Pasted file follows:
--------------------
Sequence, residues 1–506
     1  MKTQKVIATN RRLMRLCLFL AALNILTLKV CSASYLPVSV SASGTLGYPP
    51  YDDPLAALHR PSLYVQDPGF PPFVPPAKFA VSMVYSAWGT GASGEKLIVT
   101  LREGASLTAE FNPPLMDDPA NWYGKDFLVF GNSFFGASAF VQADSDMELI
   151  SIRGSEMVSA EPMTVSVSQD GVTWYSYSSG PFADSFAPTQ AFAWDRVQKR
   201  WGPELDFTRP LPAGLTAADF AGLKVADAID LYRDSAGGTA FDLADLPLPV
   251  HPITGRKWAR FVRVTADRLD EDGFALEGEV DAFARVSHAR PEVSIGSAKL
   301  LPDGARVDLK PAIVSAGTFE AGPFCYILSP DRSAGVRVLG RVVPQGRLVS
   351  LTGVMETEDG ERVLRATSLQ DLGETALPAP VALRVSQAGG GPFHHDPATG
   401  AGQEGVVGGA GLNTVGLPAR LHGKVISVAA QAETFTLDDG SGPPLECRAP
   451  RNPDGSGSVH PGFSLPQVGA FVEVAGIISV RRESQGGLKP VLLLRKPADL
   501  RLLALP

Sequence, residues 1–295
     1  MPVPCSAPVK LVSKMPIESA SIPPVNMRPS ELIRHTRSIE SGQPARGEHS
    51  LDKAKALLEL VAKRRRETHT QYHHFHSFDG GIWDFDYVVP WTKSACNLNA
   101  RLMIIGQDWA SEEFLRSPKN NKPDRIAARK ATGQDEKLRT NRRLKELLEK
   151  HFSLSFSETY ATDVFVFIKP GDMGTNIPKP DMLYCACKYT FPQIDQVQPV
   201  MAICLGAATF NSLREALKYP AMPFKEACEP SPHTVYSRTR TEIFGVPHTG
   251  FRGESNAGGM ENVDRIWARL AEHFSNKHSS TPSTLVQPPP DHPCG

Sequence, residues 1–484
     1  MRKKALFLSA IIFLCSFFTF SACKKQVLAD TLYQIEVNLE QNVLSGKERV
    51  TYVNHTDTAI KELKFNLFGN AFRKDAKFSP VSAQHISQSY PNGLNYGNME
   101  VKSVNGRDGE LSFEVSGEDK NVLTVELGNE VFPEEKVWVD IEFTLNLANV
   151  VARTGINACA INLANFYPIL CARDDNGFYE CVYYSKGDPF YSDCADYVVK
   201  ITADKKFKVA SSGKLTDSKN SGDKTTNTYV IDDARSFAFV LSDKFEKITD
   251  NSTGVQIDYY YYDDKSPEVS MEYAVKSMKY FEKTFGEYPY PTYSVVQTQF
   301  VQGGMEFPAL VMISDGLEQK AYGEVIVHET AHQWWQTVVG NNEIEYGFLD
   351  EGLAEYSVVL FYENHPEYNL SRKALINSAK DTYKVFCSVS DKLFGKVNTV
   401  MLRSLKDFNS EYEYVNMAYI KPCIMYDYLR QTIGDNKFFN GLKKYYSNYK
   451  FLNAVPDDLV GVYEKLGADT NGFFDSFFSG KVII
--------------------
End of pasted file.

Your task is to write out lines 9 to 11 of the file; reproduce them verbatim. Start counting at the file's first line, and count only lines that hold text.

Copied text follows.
   351  LTGVMETEDG ERVLRATSLQ DLGETALPAP VALRVSQAGG GPFHHDPATG
   401  AGQEGVVGGA GLNTVGLPAR LHGKVISVAA QAETFTLDDG SGPPLECRAP
   451  RNPDGSGSVH PGFSLPQVGA FVEVAGIISV RRESQGGLKP VLLLRKPADL